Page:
This morning I read an interesting article from Seth Godin’s blog. The subject, though not expressed in this way, is essentially was price vs. cost. Price as in the monetary commitment required to buy-in and cost as in the resources expended over time to maintain said item. Sure, it’s not a revolutionary concept; but, it can always be helpful to reflect on concepts in a different light or hear someone else’s perspective. The same thing is supposed to happen when you read scripture, right? 🤔
Here is Seth’s thought-provoking question: I know what the price tag says. But what does it cost?
Don’t just think of cost in terms of money. Cost can also be your time, stress, not doing something else (also known as opportunity cost). Lifehacker says, “More often than not, figuring out something’s cost is more important than figuring out its price.”
Here are a few examples:
- You buy a dog that costs $500. The $500 price tag is a one-time expense, what it takes to buy-in. The cost, however is: dog food + doctor visits + dog-sitters + 15-minute walks each day over years, many years. The cost is on-going and can be more than 10 times the price.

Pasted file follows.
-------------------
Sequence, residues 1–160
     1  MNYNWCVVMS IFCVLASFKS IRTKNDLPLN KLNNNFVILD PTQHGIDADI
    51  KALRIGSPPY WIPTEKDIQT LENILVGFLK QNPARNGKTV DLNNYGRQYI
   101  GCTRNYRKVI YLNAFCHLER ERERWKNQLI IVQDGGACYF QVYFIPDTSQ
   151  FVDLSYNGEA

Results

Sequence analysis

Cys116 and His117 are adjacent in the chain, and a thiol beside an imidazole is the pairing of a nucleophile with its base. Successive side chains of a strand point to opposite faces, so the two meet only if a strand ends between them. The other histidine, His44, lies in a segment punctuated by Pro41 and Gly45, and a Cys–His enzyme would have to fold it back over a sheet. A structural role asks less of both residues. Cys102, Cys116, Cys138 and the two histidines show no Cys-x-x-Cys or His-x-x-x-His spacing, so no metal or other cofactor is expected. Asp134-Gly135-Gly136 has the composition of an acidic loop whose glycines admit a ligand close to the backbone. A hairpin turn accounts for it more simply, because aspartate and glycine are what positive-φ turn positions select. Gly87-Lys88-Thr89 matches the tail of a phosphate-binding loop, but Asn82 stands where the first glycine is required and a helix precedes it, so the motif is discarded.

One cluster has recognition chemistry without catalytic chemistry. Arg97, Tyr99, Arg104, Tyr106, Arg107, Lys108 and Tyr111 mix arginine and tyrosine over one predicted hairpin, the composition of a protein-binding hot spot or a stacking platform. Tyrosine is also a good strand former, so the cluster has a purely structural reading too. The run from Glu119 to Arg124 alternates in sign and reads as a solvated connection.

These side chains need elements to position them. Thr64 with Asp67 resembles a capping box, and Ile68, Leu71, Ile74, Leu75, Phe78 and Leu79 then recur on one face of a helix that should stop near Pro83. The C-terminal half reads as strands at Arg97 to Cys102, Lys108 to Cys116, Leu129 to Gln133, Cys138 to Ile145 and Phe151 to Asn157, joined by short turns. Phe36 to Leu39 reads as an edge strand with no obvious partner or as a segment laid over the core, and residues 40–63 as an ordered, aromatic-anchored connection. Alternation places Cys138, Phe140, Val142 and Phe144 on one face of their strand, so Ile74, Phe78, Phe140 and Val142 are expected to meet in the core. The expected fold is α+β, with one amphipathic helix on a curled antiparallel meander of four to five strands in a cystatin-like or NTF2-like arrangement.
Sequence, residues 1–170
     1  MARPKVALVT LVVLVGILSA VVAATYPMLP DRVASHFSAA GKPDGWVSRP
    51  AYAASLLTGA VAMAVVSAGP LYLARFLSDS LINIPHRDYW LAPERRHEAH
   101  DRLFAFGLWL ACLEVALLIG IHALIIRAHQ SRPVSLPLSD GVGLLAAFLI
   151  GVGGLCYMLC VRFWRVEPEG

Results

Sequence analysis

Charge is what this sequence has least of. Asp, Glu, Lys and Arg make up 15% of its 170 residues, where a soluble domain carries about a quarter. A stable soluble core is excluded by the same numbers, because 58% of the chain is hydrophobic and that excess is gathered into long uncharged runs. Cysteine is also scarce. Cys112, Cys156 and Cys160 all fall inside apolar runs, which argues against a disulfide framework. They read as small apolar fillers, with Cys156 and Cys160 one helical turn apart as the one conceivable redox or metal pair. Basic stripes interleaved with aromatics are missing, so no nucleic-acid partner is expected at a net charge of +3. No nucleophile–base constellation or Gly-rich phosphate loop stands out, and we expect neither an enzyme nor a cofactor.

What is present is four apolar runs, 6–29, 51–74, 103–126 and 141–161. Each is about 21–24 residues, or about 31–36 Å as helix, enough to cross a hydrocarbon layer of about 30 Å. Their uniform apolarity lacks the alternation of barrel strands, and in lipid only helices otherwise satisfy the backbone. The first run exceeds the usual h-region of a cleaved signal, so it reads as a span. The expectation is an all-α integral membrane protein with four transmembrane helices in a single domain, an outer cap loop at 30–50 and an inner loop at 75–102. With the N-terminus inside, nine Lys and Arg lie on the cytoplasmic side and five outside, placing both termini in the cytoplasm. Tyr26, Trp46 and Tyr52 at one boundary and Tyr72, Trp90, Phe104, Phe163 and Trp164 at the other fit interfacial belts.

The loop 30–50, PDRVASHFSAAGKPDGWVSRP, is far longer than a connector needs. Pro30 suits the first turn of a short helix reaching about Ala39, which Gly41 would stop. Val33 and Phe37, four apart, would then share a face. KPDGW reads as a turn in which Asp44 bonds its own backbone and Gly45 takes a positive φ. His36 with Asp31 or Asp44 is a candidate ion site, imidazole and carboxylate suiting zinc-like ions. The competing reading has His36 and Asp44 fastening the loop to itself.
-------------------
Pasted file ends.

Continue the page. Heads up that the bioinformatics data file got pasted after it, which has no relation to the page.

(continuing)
- You buy a luxury handbag that costs $500. The price tag is the same as the example above; however, the cost, in this case is nominal – maybe you need to clean it, have a few repairs, etc. but not very much in the grand scheme of things. The cost of the luxury handbag is less than the price.
Here’s the thing: as I am typing this post I am learning / acknowledging my own personal buying behavior and preference. I prefer high price, low-cost items. 💡 Meaning, I’d rather spend money up front (higher price) and have minimal cost. Some people prefer the opposite approach. Or maybe more correctly stated, our attitudes are different depending on what the “thing” in question is: a house, a trip to Paris, a steak dinner, a vintage car, a membership in a club or group, golf lessons. I do think most people have a pattern. Sure, you can bring value into this discussion but that’s subjective. Cost and price are quantifiable, very easy to measure.
So what’s the takeaway? The next time you consider the pice tag (“buying in”), take 30-seconds and think about what type of price-cost arrangement you are getting yourself into. Whatever your choice is, enjoy!